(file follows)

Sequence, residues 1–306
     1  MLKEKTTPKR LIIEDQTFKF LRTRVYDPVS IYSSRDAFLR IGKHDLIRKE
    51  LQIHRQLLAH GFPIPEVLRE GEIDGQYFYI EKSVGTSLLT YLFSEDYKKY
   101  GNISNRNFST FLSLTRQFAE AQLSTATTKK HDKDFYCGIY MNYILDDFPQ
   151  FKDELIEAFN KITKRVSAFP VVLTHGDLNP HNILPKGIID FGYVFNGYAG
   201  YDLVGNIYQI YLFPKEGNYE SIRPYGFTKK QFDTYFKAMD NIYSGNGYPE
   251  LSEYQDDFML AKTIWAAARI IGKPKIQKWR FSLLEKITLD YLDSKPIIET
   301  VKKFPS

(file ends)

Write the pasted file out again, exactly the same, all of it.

Sequence, residues 1–306
     1  MLKEKTTPKR LIIEDQTFKF LRTRVYDPVS IYSSRDAFLR IGKHDLIRKE
    51  LQIHRQLLAH GFPIPEVLRE GEIDGQYFYI EKSVGTSLLT YLFSEDYKKY
   101  GNISNRNFST FLSLTRQFAE AQLSTATTKK HDKDFYCGIY MNYILDDFPQ
   151  FKDELIEAFN KITKRVSAFP VVLTHGDLNP HNILPKGIID FGYVFNGYAG
   201  YDLVGNIYQI YLFPKEGNYE SIRPYGFTKK QFDTYFKAMD NIYSGNGYPE
   251  LSEYQDDFML AKTIWAAARI IGKPKIQKWR FSLLEKITLD YLDSKPIIET
   301  VKKFPS